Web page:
Of course those who backed the Iraq war refute any link with the London bombs.
SHORTLY AFTER September 11, 2001, when the slightest mention of a link between United States foreign policy and the terrorist attacks brought accusations of heartless heresy, the then U.S. National Security Adviser, Condoleezza Rice, got to work.
Between public displays of grief and solemnity she managed to round up the senior staff of the National Security Council and ask them to think seriously about “how do you capitalise on these opportunities” to fundamentally change American doctrine and the shape of the world.
In an interview with the New Yorker six months later, she said the U.S. no longer had a problem defining its post-Cold War role. “I think September 11 was one of those great earthquakes that clarify and sharpen. Events are in much sharper relief.”
For those interested in keeping the earth intact in its present shape so that we might one day live on it peacefully, the bombings of July 7 provide no such “opportunities.” They do not “clarify” or “sharpen” but muddy and bloody already murky waters. As the identities of the missing emerge, we move from a statistical body count to the tragedy of human loss — brothers, mothers, lovers and daughters cruelly blown away as they headed to work. The space to mourn these losses must be respected. The demand that we abandon rational thought, contextual analysis and critical appraisal of why this happened and what we can do to limit the chances that it will happen again, should not. To explain is not to excuse; to criticise is not to capitulate.
We know what took place. Certain people, with no regard for law, order or our way of life, came to London and trashed it. With scant regard for human life or political consequences, employing violence as their sole instrument of persuasion, they slaughtered innocent people indiscriminately.The trouble is there is nothing in the last paragraph that could not just as easily be said from Fallujah as it could from London. The two should not be equated — with over 1,000 people killed or injured, half its housing wrecked and almost every school and mosque damaged or flattened, what Fallujah went through at the hands of the U.S. military, with British support, was more deadly.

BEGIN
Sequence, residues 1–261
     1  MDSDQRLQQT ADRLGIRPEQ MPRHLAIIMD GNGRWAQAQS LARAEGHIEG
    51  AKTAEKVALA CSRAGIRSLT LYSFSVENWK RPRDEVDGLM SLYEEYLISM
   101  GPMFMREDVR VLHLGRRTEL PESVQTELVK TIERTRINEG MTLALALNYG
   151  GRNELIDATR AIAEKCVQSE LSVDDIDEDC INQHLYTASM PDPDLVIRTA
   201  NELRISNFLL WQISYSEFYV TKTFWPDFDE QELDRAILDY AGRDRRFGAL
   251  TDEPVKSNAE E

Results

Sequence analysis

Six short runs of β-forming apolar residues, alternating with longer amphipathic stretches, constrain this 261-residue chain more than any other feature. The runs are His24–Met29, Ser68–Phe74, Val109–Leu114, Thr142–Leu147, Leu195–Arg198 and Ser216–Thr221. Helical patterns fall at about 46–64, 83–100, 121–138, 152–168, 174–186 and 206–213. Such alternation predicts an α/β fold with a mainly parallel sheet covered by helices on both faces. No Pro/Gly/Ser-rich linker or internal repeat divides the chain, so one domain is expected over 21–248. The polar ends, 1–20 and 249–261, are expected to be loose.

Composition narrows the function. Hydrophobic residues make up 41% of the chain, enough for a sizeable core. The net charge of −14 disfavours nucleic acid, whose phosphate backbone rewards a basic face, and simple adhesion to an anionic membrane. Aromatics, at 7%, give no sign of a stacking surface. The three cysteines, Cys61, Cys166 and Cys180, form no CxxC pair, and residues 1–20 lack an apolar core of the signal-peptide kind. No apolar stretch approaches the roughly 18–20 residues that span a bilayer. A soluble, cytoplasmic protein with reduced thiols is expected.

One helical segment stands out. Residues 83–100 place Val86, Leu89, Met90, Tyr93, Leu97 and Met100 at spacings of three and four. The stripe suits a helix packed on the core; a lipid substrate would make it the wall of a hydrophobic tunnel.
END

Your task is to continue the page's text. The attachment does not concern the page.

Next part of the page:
But they can and should be compared. We do not have a monopoly on pain, suffering, rage or resilience.
Our blood is no redder, our backbones are no stiffer, nor our tear ducts more productive than the people in Iraq and Afghanistan. Those whose imagination could not stretch to empathise with the misery we have caused in the Gulf now have something closer to home to identify with. “Collateral damage” always has a human face: its relatives grieve; its communities have memory and demand action. These basic humanistic precepts are the principle casualties of fundamentalism. They were clearly absent from the minds of those who bombed London last week. They are no less absent from the minds of those who have pursued the war on terror for the past four years.
— © Guardian Newspapers Limited 2004
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